In a piece published in Nature on Wednesday, two leaders from the National Institutes of Health, Dr. Francis Collins and Dr. Janine Clayton, admonished drug researchers to start including female test subjects in drug research. Right now, many animal trials of various drugs only include male rats, pigs, or dogs. "The over-reliance on male animals and cells in preclinical research obscures key sex differences that could guide clinical studies," Collins and Clayton write. "And it might be harmful: women experience higher rates of adverse drug reactions than men do."
The NIH has already asked researchers to fix this gender inequality when it comes to trials on humans, but the hope is that by including female and male subjects at earlier testing stages, the testing will be more comprehensive and rigorous from the start. "Certain rigorous studies evaluating the effects of sex differences have been effective in bridging the divide between animal and human work," Collins and Clayton argue, pointing to how bi-gender animal research on multiple sclerosis demonstrated that biological differences between male and female bodies cause the disease to manifest differently in men and women.
That you shouldn't exclude half a species in your testing seems obvious, but there are understandable, if not really defensible, reasons that scientists have typically stuck to male-only studies. Roni Caryn Rabin at the New York Times explains: "Researchers avoided using female animals for fear that their reproductive cycles and hormone fluctuations would confound the results of delicately calibrated experiments." But while this tradition makes it easier to come up with clean results, the long-term effect is that drugs are being released that women are going to take without researchers always knowing exactly how those drugs will work on them. (After all, human females have reproductive cycles and hormone fluctuations, too.)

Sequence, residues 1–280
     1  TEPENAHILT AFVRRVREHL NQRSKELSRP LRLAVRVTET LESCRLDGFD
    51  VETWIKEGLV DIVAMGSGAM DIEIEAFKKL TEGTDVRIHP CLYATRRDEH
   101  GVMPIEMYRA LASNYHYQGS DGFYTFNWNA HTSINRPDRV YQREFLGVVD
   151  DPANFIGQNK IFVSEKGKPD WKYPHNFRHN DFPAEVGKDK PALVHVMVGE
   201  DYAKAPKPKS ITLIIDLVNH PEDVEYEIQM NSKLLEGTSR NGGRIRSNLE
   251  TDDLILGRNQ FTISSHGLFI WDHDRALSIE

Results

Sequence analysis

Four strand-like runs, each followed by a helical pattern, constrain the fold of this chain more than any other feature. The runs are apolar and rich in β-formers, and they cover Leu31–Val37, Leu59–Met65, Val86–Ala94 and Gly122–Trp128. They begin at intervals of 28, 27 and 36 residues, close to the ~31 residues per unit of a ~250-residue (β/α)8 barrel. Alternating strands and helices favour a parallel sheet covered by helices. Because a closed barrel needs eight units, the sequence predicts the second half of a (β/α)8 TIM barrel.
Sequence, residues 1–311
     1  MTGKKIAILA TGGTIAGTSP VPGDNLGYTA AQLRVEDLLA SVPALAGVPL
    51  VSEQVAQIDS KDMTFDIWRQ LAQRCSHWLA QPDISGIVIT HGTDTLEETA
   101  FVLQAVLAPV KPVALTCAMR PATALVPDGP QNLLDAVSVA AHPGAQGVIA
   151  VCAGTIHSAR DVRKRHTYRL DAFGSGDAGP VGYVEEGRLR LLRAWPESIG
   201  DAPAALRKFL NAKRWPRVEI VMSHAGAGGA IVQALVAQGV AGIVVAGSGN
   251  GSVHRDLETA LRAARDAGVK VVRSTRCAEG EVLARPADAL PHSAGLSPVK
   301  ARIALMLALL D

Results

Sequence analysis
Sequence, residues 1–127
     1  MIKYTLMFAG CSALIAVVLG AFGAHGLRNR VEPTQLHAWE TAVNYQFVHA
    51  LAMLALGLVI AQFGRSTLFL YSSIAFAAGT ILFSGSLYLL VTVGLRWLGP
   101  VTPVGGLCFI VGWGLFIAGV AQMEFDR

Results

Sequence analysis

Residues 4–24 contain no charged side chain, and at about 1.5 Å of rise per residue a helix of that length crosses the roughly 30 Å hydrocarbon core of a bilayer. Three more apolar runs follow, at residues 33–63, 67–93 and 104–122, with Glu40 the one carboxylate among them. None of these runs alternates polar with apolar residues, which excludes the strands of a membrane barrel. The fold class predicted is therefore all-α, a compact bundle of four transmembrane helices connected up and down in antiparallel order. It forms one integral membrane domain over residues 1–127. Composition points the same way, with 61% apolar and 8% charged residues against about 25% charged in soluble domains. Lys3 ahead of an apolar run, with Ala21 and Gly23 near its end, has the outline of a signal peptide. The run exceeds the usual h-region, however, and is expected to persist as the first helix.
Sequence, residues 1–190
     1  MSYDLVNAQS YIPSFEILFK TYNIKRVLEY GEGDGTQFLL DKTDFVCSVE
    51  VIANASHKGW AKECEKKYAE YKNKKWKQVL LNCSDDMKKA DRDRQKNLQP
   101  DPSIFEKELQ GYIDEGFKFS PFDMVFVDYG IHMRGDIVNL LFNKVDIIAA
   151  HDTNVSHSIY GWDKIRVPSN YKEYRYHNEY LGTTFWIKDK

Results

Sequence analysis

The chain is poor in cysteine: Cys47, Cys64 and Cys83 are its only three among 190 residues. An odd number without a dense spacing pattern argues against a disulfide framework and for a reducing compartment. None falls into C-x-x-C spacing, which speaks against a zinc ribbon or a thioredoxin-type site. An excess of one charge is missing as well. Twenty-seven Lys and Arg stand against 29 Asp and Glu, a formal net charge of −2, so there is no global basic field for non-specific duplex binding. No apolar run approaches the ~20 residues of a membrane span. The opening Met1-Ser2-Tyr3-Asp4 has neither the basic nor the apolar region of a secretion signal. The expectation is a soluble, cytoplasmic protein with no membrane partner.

Feminists in science have long been advocating for an end to the habit of male-only studies for just this reason. That's part of why the University of Wisconsin started a feminist biology program to help critique and improve biology by targeting some of the unquestioned gender bias that sadly continues to flourish in the field. Janet Hyde, director of the University of Wisconsin’s Center for Research on Gender & Women, singled out this particular issue when speaking to Kat Stoeffel of The Cut:
You can think of feminist biology as having two components. First, it identifies gender bias in traditional biology and alerting students and scientists to possible gender bias. Scientists want, in general, to be not biased, so in a way this is just improving biology, right? Another part is constructing new theories and new research that does away with these biases and leads to a more balanced biology that takes women into account. One of my favorite examples is we now know that taking baby aspirin prevents heart attacks and strokes. The original clinical trials, which were funded by the National Institute of Health, were done on a male-only sample. A feminist biologist would say there’s gender bias in that design; we can’t assume it’s going to work for women. We want to correct biases like that in biomedical research.
Of course, anything with the word feminist attached to it gets a knee-jerk reaction, and the formation of this program was no exception. Christina Hoff Sommers complained, "We don’t need feminist biology any more than we need femistry or galgebra." She's wrong: As the New York Times reports, women make up half of subjects in institute-funded studies, but "women still are often underrepresented in clinical trials carried out by drug companies and medical device manufacturers." No surprise there. Putting female subjects in your experiment increases the variety in the results, no doubt slowing the march to get drugs onto the market and making money. Hopefully, increasing pressure from the NIH will fix that.